WASHINGTON — In order for Virginia to reopen -- and stay open -- the commonwealth needs to see at least a 14-day downward trend of positive coronavirus cases. On May 1, the same day that nonemergency medical procedures were allowed to resume, Virginia recorded its highest single-day increase of cases since the outbreak began.
One major reason for the spike in cases is the commonwealth's increased testing capabilities, Governor Ralph Northam said Friday. The day before, private and public labs tested more than 5,800 people - a 15% increase over the previous day.
Dr. Karen Remley, head of the testing task force for Virginia, said Friday that the commonwealth is currently in Phase 2 of testing, meaning that labs are running roughly 5,000 tests a day and reopened hospitals have received more testing supplies and PPE.
The number of people tested is expected to increase by up to 3,000 more per day after Virginia partners with more labs, two in the commonwealth and one in North Carolina, Remley said.
According to Northam, new guidelines issued from the CDC allows individuals to do their own test, inserting swabs at a distance of 6 feet from health care physicians, which leads to less use of PPE (Personal Protective Equipment).
And Virginia isn't just testing those who are high risk and show symptoms -- now health officials are also prioritizing testing to those who are asymptomatic and high risk.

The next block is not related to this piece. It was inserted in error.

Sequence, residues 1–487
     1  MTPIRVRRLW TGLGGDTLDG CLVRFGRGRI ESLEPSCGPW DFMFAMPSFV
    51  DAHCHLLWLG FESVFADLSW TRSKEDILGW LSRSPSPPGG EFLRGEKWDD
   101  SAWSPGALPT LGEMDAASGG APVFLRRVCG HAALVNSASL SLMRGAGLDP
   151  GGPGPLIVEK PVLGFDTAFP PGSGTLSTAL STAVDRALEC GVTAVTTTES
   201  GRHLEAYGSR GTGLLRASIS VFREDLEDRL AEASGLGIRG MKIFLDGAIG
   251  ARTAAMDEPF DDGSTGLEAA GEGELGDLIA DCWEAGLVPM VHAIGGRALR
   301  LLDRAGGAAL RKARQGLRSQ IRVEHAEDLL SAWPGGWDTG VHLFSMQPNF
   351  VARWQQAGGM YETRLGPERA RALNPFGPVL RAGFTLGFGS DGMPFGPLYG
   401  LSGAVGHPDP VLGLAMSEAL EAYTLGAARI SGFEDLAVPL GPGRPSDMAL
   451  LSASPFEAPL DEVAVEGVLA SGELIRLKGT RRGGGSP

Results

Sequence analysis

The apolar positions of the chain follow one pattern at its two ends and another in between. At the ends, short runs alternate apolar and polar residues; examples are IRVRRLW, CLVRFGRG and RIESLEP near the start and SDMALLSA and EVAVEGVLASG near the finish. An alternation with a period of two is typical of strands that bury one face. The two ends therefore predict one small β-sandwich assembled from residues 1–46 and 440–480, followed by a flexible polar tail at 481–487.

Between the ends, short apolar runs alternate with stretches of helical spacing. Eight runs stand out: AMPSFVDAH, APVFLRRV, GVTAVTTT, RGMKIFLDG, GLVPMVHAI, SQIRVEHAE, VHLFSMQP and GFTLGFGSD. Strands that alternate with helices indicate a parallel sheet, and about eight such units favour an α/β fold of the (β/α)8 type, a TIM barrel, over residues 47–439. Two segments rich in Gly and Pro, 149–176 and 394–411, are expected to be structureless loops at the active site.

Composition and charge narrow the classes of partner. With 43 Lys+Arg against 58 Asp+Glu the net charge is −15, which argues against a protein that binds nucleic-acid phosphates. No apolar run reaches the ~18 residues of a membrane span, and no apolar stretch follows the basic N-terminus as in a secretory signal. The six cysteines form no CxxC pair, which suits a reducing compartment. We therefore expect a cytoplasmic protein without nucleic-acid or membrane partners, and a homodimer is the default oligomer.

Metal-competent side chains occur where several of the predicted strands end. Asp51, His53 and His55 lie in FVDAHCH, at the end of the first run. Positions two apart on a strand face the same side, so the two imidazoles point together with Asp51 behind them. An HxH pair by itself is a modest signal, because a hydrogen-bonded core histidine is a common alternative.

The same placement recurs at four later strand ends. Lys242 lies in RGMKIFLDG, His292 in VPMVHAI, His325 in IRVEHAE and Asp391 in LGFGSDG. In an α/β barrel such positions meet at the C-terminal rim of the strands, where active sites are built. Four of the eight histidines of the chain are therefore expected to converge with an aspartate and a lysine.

"There is enough PPE, enough testing, and enough things we can do for you, your friends, and your community by identifying that you have that disease," Remley said Friday.
An interactive map on the Virginia Department of Health website shows exactly where you can go to get tested. Users just have to type in their address to be shown a list of nearby providers and their hours, address and location.
In addition to more testing sites, Northam also announced that Virginia would be receiving three mask decontaminating units from the federal government on Friday. Those units use hydrogen peroxide vapor to help clean masks and let them be reused up to 20 times without ruining their strength, and should be operational "within the week."
The first unit will be built in Blacksburg and be shared with West Virginia and Tennessee, Northam said. The other two will be in Hampton Roads and Richmond.
"Once all three units are operational, we will have the ability to decontaminate up to 240,000 masks in the commonwealth per day," Northam said.